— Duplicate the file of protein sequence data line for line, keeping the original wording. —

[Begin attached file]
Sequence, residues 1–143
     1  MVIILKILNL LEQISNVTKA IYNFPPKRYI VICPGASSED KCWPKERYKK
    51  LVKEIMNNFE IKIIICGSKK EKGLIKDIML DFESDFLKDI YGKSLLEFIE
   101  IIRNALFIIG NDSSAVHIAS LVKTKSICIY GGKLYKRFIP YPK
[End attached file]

Sequence, residues 1–143
     1  MVIILKILNL LEQISNVTKA IYNFPPKRYI VICPGASSED KCWPKERYKK
    51  LVKEIMNNFE IKIIICGSKK EKGLIKDIML DFESDFLKDI YGKSLLEFIE
   101  IIRNALFIIG NDSSAVHIAS LVKTKSICIY GGKLYKRFIP YPK